It’s 87 days and counting until the general election, and all the major bookies make it odds-on for a hung parliament. With the Conservatives and Labour neck and neck and another coalition a distinct possibility – with various combinations touted – only the brave would forecast who will be in the driving seat come 8 May. But for the food and drink industry, these figures are likely to play a prominent part in shaping – or criticising – policy and influencing public opinion.
George Osborne, Chancellor, Conservative MP for Tatton
Likely to stay Chancellor if the Tories win, and faces a key role in debate over Europe. Osborne figured in several coalition u-turns, with the pasty tax debacle highlighting the perils of Nanny State politics. Since the pasty tax debacle, Osborne has helped quash minimum unit pricing, slashed tax on beer and scrapped the duty escalator. But Osborne has repeatedly frustrated calls to scrap business rates, despite promises of a review in 2016.
Vince Cable, business secretary, Liberal Democrat MP for Twickenham
Cable has been a thorn in the flesh or a welcome breath of fresh air in industry circles, depending on where you sit. Slashing bureaucracy in the Red Tape Challenge, Cable called for tighter rules over supplier negotiations, intervened in the Tesco financial scandal and accused ministers of sitting on calls for new powers for the Adjudicator Christine Tacon.
Danny Alexander, chief secretary to the Treasury, Labour MP for Inverness, Nairn, Badenoch & Strathspey
“Yes” campaigners will be out for his head in the Highlands, but has been Bumped up over Cable as the Lib Dem economic guru (does he know where the “Tory bodies are buried”?) . With wine and spirit tax high on the agenda in the Budget in the run-up to the election, the industry’s Drop the Duty campaign is lobbying hard. Alexander’s constituency has six whisky distilleries, including one of Diageo’s, in its midst.
Ed Balls, shadow chancellor, Labour MP for Morley and Outwood
Balls may have forgotten the name of one of Labour’s main business supporters when quizzed on Newsnight, but remains a key player in tackling claims that Labour is “anti-business.” Trying to paint Labour as the progressive party, the party of the national minimum wage and accusing the Tories of “lurching to the right”, the protégé of Gordon Brown is no “Red Ed.” With a £35m CCE factory in the middle of his constituency, he is believed to be an opponent of the party’s more extreme Nanny State plans.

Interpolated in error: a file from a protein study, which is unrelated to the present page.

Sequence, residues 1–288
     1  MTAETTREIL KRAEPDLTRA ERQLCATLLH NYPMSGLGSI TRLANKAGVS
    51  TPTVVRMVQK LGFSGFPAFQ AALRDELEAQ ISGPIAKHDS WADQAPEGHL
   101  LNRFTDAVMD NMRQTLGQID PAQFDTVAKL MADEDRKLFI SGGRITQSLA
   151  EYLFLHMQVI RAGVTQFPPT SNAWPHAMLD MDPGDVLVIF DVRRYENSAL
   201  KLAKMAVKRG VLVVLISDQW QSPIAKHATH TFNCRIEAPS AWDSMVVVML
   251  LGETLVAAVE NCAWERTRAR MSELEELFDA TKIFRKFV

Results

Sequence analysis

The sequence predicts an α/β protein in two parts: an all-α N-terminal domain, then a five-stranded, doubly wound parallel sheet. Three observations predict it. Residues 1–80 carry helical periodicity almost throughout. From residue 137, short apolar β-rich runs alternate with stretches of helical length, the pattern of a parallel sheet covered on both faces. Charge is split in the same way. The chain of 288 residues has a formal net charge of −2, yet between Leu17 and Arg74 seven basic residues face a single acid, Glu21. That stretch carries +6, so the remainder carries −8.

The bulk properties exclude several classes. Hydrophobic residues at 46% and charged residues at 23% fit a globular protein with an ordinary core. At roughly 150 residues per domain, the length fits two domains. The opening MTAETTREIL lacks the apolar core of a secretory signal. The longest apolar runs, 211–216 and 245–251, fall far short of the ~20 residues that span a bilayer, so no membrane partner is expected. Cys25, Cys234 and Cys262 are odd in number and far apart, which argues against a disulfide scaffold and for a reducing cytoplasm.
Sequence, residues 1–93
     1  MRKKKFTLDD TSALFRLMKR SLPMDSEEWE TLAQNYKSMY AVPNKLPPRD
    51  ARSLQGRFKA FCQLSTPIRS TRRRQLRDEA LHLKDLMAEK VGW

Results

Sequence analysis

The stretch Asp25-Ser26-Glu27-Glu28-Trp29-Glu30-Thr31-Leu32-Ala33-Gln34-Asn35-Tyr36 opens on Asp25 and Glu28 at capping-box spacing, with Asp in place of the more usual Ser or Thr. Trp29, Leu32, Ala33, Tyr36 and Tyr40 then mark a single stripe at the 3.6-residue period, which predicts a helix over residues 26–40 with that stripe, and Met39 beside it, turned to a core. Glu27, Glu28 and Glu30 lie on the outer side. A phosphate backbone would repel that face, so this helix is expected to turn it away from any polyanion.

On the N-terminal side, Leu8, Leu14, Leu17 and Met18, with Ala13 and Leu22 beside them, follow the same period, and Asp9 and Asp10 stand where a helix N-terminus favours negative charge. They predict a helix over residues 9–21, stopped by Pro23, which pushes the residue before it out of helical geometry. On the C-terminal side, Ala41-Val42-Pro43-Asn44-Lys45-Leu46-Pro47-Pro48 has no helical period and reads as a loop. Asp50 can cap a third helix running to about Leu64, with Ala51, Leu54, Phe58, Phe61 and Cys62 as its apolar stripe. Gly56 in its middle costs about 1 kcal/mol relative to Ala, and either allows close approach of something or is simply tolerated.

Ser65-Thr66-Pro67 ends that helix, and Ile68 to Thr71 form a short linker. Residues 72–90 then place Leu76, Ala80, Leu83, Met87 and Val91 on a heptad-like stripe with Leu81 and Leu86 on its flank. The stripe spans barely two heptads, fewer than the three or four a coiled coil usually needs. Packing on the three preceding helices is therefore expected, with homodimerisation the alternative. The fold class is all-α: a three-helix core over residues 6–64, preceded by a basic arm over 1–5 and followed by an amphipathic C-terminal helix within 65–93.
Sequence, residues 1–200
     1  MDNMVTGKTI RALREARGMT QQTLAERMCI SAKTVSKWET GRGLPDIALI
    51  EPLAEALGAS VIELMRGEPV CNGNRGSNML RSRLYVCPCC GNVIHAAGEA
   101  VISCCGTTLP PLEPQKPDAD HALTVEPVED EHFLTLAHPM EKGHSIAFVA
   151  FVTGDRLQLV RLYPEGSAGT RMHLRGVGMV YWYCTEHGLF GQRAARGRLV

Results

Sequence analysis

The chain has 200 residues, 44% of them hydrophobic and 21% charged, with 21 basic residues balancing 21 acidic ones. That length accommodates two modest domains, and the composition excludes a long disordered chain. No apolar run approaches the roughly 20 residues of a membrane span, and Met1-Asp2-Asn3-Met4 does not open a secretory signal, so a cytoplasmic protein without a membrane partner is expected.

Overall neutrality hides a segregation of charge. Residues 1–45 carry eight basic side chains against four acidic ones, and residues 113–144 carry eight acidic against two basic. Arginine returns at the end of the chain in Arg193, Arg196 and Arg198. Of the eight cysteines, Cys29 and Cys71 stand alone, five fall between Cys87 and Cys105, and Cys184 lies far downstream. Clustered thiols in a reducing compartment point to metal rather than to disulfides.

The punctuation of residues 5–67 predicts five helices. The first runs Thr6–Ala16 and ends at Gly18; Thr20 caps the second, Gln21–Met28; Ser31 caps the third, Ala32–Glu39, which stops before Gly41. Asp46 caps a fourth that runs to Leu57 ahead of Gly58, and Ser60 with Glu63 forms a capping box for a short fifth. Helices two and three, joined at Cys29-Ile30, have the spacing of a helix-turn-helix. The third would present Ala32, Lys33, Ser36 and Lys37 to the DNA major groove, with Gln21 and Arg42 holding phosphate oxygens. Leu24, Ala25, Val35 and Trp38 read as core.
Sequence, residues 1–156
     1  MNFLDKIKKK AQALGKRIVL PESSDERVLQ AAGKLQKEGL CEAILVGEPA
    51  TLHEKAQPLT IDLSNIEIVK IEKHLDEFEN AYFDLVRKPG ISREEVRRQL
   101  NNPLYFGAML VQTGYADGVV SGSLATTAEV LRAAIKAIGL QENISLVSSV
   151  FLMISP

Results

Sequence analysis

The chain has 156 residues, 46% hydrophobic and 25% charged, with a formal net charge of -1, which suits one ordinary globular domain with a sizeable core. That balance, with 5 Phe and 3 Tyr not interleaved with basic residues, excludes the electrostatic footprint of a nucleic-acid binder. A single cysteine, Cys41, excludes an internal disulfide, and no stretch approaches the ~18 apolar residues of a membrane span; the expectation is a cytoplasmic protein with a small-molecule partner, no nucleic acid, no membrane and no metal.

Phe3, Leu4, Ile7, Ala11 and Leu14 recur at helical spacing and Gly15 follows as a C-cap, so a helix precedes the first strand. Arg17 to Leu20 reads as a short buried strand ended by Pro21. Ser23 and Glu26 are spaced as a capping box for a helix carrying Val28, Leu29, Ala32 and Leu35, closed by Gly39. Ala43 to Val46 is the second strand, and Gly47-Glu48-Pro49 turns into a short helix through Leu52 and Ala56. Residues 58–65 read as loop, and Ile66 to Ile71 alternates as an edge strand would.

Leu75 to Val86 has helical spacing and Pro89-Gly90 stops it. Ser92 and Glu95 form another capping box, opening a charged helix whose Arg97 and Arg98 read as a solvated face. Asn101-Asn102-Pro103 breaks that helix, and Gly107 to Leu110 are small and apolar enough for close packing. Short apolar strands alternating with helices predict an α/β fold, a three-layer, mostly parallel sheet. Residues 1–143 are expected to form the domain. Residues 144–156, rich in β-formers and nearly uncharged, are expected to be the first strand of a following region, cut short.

Chuka Umunna, shadow secretary for business, innovation and skills, Labour MP for Streatham
Dragged into the row over claims by Boots billionaire Stefano Pessina that Labour would be a disaster for business, Blairite Umunna previously enjoyed a reputation as one of the party’s most pro-business figures. has been tipped as a future party leader. He has been a leading voice in standing up to plans for a crackdown on booze sponsorship and other health plans, which some feared would make it unelectable.But his attack on Boots is not the first time he’s turned on big retailers, havingonce claimed plans for a Tesco in his constituency threatened local businesses and jobs.
Alec Salmond – former Scottish first minister
If he succeeds with his plans to run for the UK parliament,in Gordon, Aberdeenshire, Salmond has threatened work with other parties (except the Tories), for “more progressive politics,” including more powers for Scotland and a hike in the minimum wage. And with a recent poll by Ipsos Mori suggesting the SNP could have 55 seats at Westminster after the election, it could hold the balance of power.
Boris Johnson, Mayor of London, prospective candidate for Uxbridge and South Ruislip
Already bookies’ second favourite (behind Miliband) to become the next PM, the London Mayor could continue what some believe is his inevitable path to Downing Street by winning his West London seat. Already, Johnson has had to answer awkward questions about his relationship with businesses, not least Coca-Cola, whose sponsorship of the London Eye and bid to back his Boris Bikes scheme infuriated health campaigners. Yet Johnson, whose constituency office is a stone’s throw from major companies including Coke, Mondelez and General Mills,has championed the war on obesity with a local drive calling for supermarkets to change their layouts to favour healthy food and make it cheaper.